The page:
An older brother of the first suspect in the deadly Sacramento mass shooting was also arrested Tuesday — busted in the hospital bed where he is among a dozen recovering from gunshot wounds, police said.
Smiley Martin — the 27-year-old brother of Dandrae Martin, 26 — was busted on charges including being in possession of a machine gun, the California force said of the mass shooting that killed six.
He had been among those “located at the scene with serious injuries from gunfire and was transported to an area hospital for treatment,” police said.
“Smiley Martin was quickly identified as a person of interest and has remained under the supervision of an officer at the hospital while his treatment continues,” the force said in a statement.
He was arrested Tuesday and will be booked into Sacramento County Main Jail when his “medical care has been completed and he is determined to be fit for incarceration,” the statement said.
Charges include possession of a firearm by a prohibited person and possession of a machine gun, the force said.
While both Martin brothers have been named as suspects, neither has been charged with homicide. “The Sacramento County District Attorney’s Office will be reviewing all evidence to determine appropriate charges,” police stressed.
The arrest came after SWAT officers and detectives served search warrants at three residences, seizing a handgun, the force said.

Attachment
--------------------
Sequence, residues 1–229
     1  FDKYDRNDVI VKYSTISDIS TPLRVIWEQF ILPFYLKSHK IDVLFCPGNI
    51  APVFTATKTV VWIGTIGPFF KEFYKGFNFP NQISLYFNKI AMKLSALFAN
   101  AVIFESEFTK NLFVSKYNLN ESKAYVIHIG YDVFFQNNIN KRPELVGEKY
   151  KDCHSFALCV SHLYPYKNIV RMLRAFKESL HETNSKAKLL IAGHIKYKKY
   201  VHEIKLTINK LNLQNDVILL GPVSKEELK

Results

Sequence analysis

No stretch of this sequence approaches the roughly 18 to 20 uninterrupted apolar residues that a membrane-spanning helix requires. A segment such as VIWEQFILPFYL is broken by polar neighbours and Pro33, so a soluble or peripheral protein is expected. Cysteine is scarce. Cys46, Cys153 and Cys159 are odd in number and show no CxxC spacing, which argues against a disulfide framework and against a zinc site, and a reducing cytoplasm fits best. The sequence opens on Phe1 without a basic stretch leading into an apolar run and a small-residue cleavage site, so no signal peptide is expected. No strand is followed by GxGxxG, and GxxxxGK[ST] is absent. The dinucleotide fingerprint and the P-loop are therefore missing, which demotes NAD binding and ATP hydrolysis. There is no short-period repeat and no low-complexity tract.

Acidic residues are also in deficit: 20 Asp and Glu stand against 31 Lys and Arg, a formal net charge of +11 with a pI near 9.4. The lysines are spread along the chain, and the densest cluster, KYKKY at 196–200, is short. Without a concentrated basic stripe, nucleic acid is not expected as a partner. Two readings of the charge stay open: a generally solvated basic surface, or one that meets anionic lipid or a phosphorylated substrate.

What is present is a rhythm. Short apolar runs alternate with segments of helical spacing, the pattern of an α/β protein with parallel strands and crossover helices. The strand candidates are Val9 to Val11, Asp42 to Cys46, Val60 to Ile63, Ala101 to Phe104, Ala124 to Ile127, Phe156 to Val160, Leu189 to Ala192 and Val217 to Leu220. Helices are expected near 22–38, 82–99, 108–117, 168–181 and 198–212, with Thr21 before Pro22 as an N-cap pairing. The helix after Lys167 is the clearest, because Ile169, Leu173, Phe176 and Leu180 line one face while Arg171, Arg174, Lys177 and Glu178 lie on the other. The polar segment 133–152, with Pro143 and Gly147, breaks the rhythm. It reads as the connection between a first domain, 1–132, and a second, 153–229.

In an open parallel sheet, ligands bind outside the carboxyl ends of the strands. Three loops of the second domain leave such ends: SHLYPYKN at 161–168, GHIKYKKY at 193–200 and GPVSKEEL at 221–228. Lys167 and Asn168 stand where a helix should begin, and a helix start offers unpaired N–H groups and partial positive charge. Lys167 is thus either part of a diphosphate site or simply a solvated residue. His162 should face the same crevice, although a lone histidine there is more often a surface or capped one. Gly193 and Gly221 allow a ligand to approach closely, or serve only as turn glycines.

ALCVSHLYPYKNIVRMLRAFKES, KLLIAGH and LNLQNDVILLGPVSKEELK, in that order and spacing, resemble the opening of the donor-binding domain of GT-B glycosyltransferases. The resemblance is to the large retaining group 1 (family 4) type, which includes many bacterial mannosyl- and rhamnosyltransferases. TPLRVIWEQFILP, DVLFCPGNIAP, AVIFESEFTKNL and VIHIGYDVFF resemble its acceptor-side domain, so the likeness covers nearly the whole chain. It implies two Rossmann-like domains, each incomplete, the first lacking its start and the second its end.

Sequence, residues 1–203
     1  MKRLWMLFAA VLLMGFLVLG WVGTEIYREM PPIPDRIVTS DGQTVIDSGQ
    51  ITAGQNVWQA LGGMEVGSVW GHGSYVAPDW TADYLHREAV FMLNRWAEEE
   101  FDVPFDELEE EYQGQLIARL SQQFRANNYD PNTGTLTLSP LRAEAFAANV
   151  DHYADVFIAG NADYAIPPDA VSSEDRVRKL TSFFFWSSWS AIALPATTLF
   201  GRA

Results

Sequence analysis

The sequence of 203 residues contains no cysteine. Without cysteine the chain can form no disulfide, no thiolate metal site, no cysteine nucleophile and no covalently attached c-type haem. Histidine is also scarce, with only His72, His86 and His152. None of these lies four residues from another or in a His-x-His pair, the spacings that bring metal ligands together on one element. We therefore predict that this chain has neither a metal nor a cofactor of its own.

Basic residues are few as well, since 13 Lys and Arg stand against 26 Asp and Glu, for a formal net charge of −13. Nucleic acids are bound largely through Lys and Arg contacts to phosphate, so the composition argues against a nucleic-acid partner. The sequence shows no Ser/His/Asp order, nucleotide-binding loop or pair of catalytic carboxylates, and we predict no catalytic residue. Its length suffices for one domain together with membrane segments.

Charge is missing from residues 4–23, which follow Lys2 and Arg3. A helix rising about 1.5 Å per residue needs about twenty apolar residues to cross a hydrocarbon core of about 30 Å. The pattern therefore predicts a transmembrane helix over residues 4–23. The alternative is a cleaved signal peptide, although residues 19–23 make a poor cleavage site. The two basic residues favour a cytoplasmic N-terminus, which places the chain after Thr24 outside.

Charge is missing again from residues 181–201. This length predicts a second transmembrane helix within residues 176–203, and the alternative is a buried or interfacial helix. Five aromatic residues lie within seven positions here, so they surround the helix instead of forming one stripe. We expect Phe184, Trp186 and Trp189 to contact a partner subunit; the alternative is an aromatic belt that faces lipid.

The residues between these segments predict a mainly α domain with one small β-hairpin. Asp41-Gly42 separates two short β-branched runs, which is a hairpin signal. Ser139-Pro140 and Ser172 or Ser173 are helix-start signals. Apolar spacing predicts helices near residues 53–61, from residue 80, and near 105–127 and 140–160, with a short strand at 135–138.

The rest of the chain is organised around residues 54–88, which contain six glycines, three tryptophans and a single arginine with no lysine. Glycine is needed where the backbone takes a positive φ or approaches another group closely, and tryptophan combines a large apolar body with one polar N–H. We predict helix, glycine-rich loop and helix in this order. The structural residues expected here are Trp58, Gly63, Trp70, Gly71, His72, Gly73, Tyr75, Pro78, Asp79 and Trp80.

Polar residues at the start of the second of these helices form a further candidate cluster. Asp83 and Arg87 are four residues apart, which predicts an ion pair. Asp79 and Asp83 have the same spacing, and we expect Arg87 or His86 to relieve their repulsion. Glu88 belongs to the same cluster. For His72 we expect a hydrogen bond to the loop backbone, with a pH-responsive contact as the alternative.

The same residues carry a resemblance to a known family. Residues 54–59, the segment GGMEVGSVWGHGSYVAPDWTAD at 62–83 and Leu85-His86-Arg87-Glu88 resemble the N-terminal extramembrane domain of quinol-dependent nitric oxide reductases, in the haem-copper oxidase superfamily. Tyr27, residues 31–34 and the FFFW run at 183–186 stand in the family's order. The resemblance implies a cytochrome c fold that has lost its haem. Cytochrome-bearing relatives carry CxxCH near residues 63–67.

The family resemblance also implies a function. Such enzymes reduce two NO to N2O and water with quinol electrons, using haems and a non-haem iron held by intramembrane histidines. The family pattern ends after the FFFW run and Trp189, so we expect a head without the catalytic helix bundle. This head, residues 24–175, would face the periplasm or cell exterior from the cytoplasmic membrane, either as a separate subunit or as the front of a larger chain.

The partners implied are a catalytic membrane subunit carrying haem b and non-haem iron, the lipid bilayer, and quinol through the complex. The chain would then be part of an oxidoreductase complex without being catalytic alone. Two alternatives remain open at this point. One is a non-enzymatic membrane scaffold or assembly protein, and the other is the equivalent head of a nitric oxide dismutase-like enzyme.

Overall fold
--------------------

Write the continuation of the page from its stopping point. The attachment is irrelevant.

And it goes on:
More than 100 shots were fired early Sunday as hundreds lined the streets leaving clubs and bars in downtown Sacramento. Police were investigating whether the shooting was connected with a street fight that broke out just before gunfire erupted.
Six were killed: three women, Johntaya Alexander, 21, Melinda Davis, 57, and Yamile Martinez-Andrade, 21, and three men, Sergio Harris, 38, Joshua Hoye-Lucchesi, 32, and De’vazia Turner, 29.
They include a father of four, a young woman who wanted to be a social worker, a man described as the life of the party, and a woman who lived on the streets nearby and was looking for housing.
At least four of the 12 others injured were left in critical condition.
Sacramento Mayor Darrell Steinberg read their names during a vigil Monday evening attended by grieving relatives, friends and community members.
“So we gather here to remember the victims and to commit ourselves to doing all we can to ending the stain of violence, not only in our community but throughout the state, throughout the country, and throughout the world,” Steinberg said.
Turner, who had three daughters and a son, was a “protector” who worked as the night manager at an inventory company, said his mother, Penelope Scott.
“My son was walking down the street and somebody started shooting, and he got shot. Why is that to happen?” Scott said. “I feel like I’ve got a hole in my heart.”
With Post wires